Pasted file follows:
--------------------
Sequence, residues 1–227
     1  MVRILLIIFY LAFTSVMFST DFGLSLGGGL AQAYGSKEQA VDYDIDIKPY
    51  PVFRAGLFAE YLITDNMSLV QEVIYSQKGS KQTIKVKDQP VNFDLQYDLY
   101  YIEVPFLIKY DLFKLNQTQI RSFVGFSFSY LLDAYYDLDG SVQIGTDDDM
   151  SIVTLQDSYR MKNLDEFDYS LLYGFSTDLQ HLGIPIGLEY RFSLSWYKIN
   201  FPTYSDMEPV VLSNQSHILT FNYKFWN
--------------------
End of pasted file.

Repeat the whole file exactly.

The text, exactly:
Sequence, residues 1–227
     1  MVRILLIIFY LAFTSVMFST DFGLSLGGGL AQAYGSKEQA VDYDIDIKPY
    51  PVFRAGLFAE YLITDNMSLV QEVIYSQKGS KQTIKVKDQP VNFDLQYDLY
   101  YIEVPFLIKY DLFKLNQTQI RSFVGFSFSY LLDAYYDLDG SVQIGTDDDM
   151  SIVTLQDSYR MKNLDEFDYS LLYGFSTDLQ HLGIPIGLEY RFSLSWYKIN
   201  FPTYSDMEPV VLSNQSHILT FNYKFWN